Idaho Smart Growth has conducted several bicycle and pedestrian count trainings lately, so why are counts important? The more data we gather on how bicyclists and pedestrians actually use roads and sidewalks, the more we can improve the safety for everyone.
Data can be shared with local planning organizations to help inform funding decisions and prioritize improvements. Ready to coordinate a count in your area? Below are some resources, but we strongly encourage you to reach out for additional training! Questions always arise as we train volunteers, so in order to ensure data integrity, training is key! Reach out to Idaho Smart Growth to schedule a training.
Step #1 – Understand your “why”
Before determining the best location and time of day to conduct your count, it’s important to understand what type of data you are trying to collect. For example, are you looking to understand the route school children use to get home? Then your time of day will be at the end of the school day and your location will likely be close to the school.
Are you hoping to understand evening commuter patterns? Then counting should take place at the end of the work day near a job center.
Once you understand the “why” of the data you are trying to gather and who might use that data, you can more clearly determine the “how” and “where.”
Step #2 – What to count
Depending on the type of information you are hoping to gather, you can likely group people into two different modes. The forms we use have two mode categories: bicycles and pedestrians.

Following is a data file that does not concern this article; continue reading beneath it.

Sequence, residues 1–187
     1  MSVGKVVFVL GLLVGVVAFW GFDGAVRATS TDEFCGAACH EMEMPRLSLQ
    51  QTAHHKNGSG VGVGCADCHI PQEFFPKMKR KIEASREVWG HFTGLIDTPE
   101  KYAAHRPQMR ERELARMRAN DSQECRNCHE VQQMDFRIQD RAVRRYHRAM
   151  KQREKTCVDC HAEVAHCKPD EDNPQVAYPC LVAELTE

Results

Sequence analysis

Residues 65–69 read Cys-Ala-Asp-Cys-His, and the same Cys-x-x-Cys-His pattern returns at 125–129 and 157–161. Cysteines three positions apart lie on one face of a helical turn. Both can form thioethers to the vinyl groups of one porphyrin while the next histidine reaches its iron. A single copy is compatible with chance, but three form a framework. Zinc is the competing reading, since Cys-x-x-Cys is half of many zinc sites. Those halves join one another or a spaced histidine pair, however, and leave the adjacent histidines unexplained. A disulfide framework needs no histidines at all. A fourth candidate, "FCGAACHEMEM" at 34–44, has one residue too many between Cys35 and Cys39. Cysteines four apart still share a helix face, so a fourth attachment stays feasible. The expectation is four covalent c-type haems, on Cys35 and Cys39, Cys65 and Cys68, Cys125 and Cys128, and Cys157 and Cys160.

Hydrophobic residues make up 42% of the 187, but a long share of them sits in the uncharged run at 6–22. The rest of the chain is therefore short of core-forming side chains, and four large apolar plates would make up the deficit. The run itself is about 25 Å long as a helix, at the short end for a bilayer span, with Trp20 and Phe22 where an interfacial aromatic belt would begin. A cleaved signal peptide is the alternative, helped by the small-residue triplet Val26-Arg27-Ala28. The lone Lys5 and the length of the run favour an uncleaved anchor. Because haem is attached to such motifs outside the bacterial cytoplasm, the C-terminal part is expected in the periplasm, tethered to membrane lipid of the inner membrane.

- Total number of people on the bike
- Include people being pulled by bike (children, trail-a-bikes, etc.)
- People walking
- People in wheelchairs
- Children in strollers
- People using other assistive devices (scooters, etc.)
- Other small wheeled devices (e.g. skis)
Always count the number of people NOT the mechanism of transportation.
How many bicycles would you count if this rode passed you?
How about this one? How would you count this?
Step #3 – How to count
Linked below are example count sheets we use in our trainings. There are separate spaces for bicycles and pedestrians, and the sheet is broken into four sections of 15 minutes each.
Make sure your count volunteers remember to set a timer!
Depending on the busyness of the count location, it may be hard to remember to shift to the new time block. A timer will make sure the counts stay in the correct time block.
Each pedestrian and bicycle will only be counted once so it’s important follow each throughout the entire intersection. For example, if a pedestrian starts by crossing the street in front of you, do they continue going straight down the roadway or do they cross the intersection again (making a turning movement)? Once they have completely left the intersection you can record the movement.
How do you record this turning action?
Step #4 – Day of preparation
Now that you have your “why” and are prepared with your “how” and “what,” don’t forget the most basic of preparation items.
- Count forms
- Writing utensil
- Water bottle
*A little note on the vest- count volunteers will likely get some funny looks as they are counting. In general, people are more at ease if they see someone with a clipboard counting if that person is wearing a safety vest. Idaho Smart Growth has some on hand to lend if you need!
Remind count volunteers to use the restroom before arriving at their locations, and to arrive 15 minutes before they plan to start counting. This allows time to find the most optimal location to observe from and to be prepared when the first hour begins.
Training is key!
No matter how many volunteers we train, there are always LOTS of questions. Training is key to success, and data integrity. When volunteers get outside and start using the forms, the complexity surfaces. In order to get the best data, we strongly encourage on-site training. Idaho Smart Growth is available to train volunteers or to “train the trainer.” Reach out to schedule a training.